I know, I know, it’s capitalism. And if florists can find people willing to pay a million billion dollars, I salute them and wish them all the prosperity they can produce. Still, though, it just seems ridiculous sometimes. Here is an image I sent to about seven florists asking for a quote on bouquets only:


This has been cropped, of course.

Guess how much the large one costs? All the florists who responded with prices (for which I applaud them!) gave me quotes between $175 and $200. How many roses can that thing have? 24? And then maybe seven sprigs of baby’s breath? I realize that florists are skilled labor, but even so that seems extreme. I bet the markup on this over the raw-materials cost is at least 500%. For the little bouquet containing (I’m guessing) a dozen roses, they told me $80. Needless to say, I did not order flowers from those people.

I also did not order flowers from these people:

Thank you for contacting us.  We do bridal consultations by appointment.  The cost for that is $35.00.  When you book with us (pay your deposit) we credit that fee back to you.
You will need to speak with [name omitted].  Consultations are done Tuesday-Thursday between 9am and 4pm.  Please call [phone number] to book one.
Kindest regards,
A florist with a ridiculous policy

Now if these crazies — I’m not going to give them publicity by saying their name — were working up a giant proposal for me, I could understand the need to charge a fee. If I needed to arrange flowers for every centerpiece, every aisle of seats, the cake, boutonnieres, corsages for the mothers, a church, and other reception decorations, I would totally understand the need for a consultation fee. Setting up a proposal for something like that would undoubtedly require a good bit of time from someone trained in flower stuff, and I can see the need to recoup those costs. That would be perfectly fine. If they need to tease my preferences out from some nebulous idea of what I want, that would take time.

But there’s no ambiguity here.

I sent them the photo. They know the kind of flowers, they know the color, they know the size, they know the accent flowers, and they know the date. How can a $35 fee be required before they’ll even give me a price? How absurd. I kind of wanted to reply to that email with all my thoughts on how preposterous a policy that was, but I knew it wasn’t worth my time and I didn’t. And really, if I had, what would they care? Somebody on the internet is mad about something? Scandalous!

So a few days later I called the fantastic folks at Smithville Florist and they couldn’t have been nicer. They gave me a quote over the phone and after some further discussion I agreed to come into the store to make the rest of the arrangements. I ended up with something a little bit different from the photo above — more beautiful, I think — and it has the roses I want and only came to $125. (Still a lot of money, but c’est la weddings.) I spoke with the owner (I think) and his daughter, and they were extremely flexible and friendly and were happy to discuss options til we had something I liked. Of course, I haven’t actually gotten married yet, but I certainly feel inclined to recommend them very highly based on my experiences so far. So if you’re getting married in Smithville or Bastrop and need a florist, be sure to check them out! Here’s the link once again: Smithville Florist.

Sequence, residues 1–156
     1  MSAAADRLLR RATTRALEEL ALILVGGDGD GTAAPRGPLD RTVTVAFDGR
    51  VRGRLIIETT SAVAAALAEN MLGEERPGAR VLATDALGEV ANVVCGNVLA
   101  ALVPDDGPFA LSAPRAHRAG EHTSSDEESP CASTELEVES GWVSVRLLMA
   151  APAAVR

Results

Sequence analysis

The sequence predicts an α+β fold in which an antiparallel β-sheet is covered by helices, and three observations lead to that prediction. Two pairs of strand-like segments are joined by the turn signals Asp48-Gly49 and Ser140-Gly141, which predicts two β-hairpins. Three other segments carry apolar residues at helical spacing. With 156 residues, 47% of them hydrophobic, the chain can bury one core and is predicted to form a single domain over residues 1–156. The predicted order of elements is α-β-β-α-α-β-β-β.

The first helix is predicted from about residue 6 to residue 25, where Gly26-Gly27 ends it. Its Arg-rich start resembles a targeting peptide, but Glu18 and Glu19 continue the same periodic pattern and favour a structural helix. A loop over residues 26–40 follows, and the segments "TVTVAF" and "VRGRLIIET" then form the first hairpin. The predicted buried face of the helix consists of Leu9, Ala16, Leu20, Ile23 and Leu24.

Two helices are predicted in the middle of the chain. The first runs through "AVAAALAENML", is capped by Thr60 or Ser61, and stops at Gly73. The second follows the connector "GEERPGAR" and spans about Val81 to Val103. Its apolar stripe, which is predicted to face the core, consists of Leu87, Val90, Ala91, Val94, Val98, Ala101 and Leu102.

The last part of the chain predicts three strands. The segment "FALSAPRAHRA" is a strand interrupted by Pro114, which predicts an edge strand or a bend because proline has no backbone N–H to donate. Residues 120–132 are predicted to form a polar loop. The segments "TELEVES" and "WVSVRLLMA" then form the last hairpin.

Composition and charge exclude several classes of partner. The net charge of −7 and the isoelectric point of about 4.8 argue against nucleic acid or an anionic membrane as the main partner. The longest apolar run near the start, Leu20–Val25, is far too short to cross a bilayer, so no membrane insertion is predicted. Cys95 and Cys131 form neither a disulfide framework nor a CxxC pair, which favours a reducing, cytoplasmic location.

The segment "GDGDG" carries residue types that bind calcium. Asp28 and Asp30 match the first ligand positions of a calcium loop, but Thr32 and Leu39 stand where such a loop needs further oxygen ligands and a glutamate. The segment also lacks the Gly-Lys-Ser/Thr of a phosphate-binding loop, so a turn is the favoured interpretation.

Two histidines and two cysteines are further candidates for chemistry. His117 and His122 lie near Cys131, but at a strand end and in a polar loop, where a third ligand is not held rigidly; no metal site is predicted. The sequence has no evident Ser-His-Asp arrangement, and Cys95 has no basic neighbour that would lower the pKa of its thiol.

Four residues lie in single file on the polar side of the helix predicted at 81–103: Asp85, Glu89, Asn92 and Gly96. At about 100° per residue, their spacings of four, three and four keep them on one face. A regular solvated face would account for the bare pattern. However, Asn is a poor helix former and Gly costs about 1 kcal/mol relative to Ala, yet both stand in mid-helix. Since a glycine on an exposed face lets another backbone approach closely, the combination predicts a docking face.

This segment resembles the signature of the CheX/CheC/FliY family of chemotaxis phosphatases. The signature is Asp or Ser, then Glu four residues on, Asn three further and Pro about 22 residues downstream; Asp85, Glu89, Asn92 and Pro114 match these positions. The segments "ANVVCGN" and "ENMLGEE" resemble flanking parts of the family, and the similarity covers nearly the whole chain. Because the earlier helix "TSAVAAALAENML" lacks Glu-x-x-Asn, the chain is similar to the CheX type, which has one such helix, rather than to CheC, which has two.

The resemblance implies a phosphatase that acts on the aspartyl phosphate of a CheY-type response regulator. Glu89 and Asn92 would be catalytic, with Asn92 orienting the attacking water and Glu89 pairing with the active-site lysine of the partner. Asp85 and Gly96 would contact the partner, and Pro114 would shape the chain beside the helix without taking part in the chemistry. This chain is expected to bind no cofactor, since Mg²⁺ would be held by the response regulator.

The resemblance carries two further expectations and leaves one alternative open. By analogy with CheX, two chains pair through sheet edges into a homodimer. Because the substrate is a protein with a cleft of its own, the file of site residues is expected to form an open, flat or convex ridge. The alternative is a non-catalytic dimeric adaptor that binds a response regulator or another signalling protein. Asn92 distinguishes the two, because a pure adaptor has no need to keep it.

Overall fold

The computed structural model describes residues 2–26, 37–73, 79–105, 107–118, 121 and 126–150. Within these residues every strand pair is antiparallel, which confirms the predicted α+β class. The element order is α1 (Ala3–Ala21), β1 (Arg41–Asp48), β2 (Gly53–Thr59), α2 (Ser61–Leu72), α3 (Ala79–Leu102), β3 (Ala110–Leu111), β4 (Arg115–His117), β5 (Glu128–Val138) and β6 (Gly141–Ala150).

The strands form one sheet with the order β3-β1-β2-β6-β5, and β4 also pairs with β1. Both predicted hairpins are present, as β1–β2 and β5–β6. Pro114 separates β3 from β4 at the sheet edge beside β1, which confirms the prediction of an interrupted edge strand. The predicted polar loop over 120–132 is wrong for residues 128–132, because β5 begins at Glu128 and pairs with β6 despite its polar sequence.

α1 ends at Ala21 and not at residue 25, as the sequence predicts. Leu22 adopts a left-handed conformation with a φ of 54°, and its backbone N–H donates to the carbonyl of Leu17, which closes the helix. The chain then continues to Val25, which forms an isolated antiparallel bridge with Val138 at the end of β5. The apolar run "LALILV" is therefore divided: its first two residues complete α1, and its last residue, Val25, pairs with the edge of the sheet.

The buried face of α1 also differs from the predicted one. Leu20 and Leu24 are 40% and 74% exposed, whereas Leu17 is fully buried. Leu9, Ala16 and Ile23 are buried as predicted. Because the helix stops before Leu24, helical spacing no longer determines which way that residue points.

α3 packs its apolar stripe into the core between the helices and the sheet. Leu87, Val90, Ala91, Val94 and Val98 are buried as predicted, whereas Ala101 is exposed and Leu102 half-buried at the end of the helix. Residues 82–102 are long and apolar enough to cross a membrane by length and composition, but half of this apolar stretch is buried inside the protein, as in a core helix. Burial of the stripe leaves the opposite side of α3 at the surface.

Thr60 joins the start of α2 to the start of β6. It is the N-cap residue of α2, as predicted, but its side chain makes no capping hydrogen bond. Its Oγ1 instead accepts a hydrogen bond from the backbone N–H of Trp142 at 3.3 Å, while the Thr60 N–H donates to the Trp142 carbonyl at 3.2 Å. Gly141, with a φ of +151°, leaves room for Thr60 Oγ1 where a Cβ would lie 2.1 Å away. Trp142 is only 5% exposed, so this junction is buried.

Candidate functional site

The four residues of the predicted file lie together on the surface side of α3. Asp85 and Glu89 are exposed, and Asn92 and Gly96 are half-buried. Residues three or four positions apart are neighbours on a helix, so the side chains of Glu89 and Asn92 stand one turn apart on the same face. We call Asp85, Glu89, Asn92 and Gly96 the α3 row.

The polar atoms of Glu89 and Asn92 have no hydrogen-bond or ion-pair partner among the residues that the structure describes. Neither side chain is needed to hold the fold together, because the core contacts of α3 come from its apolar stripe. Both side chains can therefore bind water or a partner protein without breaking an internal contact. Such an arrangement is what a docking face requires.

Catering: A new hope

March 4, 2010 at 11:39 pm | Posted in Uncategorized | 1 Comment
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In the last week I’ve spent some time talking on the phone to caterers. Quite a lot of time, actually; selecting a caterer has been far more difficult than I expected. Here are some of the various pitfalls I’ve encountered:

  • Finding prices. 80% of the time, caterers’ websites are suspiciously devoid of pricing. I’m sure they’re flexible, everybody’s wedding needs are different, and they try to cater (no pun intended) their menus to individual needs. However, when you can’t find prices on the page it’s extremely frustrating. If you try, sometimes you can infer it from the website, though — Pink Avocado Catering, for example, mentions in passing that one of their clients was the government of Spain. Spain! They only mention it in the answer to some FAQ way down at the bottom of the page, but it did enable me to knock them off my list. Anybody who caters for Spain is probably not going to  be able to handle my little wedding at the sort of price I want to pay. Now Latvia or Kazakhstan’s caterer would be fine, I’m sure. But Spain? I don’t think so.

    Some delicious food

    We're not having this

  • Useless emails. So there I am looking at some pretty catering site and not finding prices. So what’s the natural thing to do next? Send them an email. So I type it up and tell them every relevant fact I can think of. Estimated number of guests, time of day, the sort of meal I have in mind, location, the sort of service (buffet or table), etc. And then I wait, of course, and after a day or so here’s what I get back: “Hi Sarah. I received your request for information, and I do think it would be great if we could chat a little over the phone first.   Please feel free to give me a call at your convenience.  Thanks!” (This quote is an actual example.) So I call. And guess what happens?